QUESTION: Thanks. Andrei Sitov from Itar-TASS. Thank you for doing this. I want to ask you about the summit – obviously, the Russia-NATO summit. I understand that decisions to be taken will be announced in Lisbon, so you will not tell us what the decisions are. (Laughter.) So I’ll ask you about the run-up to the summit and the follow-on to the summit. The run-up is when I look at what we have, we all sound very optimistic about the relationship. But when I look at the events, be that a spying scandal or now this Bout affair, are you not concerned that it – this may overshadow the summit in a way that is very reminiscent of the old bad times?
And as for the follow-on, it’s sort of a follow-up to this. Is the summit an end to itself? We come to the summit, we meet, we talk, we probably sign some papers, make announcements, and then what comes next? How do we maintain the momentum? Thank you.
ASSISTANT SECRETARY GORDON: Thank you very much. We think that we are in the process of building a robust relationship with Russia that can survive differences. We never said that we were beyond differences with Russia or that there wouldn’t be differences or problems in the future. Indeed, the premise of the reset was that we should get on with areas of practical cooperation even while agreeing to disagree in important areas. And we have done so.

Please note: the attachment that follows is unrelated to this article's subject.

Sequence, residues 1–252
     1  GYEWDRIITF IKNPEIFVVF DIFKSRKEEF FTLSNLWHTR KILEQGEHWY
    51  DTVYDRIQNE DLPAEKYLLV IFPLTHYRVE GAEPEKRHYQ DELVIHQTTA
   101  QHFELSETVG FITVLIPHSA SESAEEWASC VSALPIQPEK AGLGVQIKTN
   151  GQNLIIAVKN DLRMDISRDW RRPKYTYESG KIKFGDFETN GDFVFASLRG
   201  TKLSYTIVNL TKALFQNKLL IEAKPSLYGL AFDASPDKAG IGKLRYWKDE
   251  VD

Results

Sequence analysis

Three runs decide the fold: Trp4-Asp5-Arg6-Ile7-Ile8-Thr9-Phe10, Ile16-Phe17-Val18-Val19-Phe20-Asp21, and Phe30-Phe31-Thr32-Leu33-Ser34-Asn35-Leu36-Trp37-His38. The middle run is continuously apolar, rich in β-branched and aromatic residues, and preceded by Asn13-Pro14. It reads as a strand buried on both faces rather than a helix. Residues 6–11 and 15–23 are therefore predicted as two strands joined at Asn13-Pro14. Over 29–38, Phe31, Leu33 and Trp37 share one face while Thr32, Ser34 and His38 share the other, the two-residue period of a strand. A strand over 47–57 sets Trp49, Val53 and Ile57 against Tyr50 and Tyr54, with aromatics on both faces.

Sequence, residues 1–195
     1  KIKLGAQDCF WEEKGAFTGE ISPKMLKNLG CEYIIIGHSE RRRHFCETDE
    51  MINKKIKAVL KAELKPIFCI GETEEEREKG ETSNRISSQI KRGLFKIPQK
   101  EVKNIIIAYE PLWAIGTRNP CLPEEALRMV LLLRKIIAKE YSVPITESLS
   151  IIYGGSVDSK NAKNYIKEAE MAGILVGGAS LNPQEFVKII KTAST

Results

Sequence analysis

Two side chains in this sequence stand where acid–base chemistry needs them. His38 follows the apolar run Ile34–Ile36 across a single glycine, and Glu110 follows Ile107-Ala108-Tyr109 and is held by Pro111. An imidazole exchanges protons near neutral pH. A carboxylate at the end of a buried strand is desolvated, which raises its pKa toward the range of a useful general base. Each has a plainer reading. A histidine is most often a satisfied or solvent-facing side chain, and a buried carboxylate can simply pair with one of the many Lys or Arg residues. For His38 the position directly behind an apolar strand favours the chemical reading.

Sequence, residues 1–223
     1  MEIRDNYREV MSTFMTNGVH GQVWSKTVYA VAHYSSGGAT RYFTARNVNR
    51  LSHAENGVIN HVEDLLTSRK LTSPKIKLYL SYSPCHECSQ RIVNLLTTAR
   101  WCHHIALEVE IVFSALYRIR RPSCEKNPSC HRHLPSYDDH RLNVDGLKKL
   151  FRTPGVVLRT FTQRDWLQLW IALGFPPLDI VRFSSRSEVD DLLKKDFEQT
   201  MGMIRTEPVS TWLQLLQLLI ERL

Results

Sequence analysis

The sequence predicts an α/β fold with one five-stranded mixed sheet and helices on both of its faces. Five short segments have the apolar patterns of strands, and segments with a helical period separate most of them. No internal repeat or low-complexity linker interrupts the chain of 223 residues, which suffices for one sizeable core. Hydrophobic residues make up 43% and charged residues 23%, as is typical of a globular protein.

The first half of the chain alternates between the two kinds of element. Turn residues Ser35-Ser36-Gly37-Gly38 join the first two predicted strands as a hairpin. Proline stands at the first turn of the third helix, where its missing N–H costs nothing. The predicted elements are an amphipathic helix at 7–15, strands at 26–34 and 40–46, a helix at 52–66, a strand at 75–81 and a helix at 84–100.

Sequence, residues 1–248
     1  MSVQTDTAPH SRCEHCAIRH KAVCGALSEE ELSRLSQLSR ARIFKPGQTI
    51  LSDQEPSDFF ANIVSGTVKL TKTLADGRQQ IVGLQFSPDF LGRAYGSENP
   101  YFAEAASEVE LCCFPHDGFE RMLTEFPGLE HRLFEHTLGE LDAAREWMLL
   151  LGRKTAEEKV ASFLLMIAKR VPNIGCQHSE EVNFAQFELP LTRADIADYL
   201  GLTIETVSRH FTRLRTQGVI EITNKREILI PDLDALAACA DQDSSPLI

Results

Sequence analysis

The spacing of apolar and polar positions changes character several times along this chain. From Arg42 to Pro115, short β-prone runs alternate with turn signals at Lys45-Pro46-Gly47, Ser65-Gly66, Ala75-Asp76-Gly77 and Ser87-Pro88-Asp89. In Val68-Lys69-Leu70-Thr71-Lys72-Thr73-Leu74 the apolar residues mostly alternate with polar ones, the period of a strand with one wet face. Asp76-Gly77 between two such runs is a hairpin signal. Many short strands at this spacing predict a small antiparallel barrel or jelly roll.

And I think what is interesting about the question you raise is it underscores that we’ve actually made progress in developing this relationship that both sides value. I think something like the spy issue, at a different time with a different relationship, would have been a bigger issue, would have been more of a crisis in the relationship than it was. But I think we are actually developing a mature and positive relationship with Russia that can withstand the differences that we continue to have on certain important issues, and that is what the President wanted to do. As he said, obviously we have more work to do, but we do think we’re making progress.
On NATO-Russia, we have made clear our interest in a better NATO-Russia relationship. The summit itself is a step forward. It won’t be the end of the process. We would like to move on after the summit and increase our practical cooperation. We think we have a lot of security interests in common with Russia. We have some differences, but we have enough in common that there should be a real practical agenda that flows out of the summit.
QUESTION: A follow-up. Right, but I guess my question is: What will be different after the summit? What difference will the summit make? Why are you doing all of this?
ASSISTANT SECRETARY GORDON: Well, let’s find out. All I can talk about is our aspirations, that we will not only have a successful meeting for the first time in several years of the NATO-Russia Council, but that NATO and Russia will build on that to pursue practical cooperation. We have common interests in counterterrorism, counternarcotics, protection against missile threats, proliferation, Afghanistan. So there’s lots to do. We are ready to move forward in doing it.
QUESTION: Brian Beary, Europolitics. I’m just wondering, on the agenda, can you confirm, is there an energy council? Because there was talk about something with Catherine Ashton and Hillary Clinton would be chairing something, and what’s happened with that?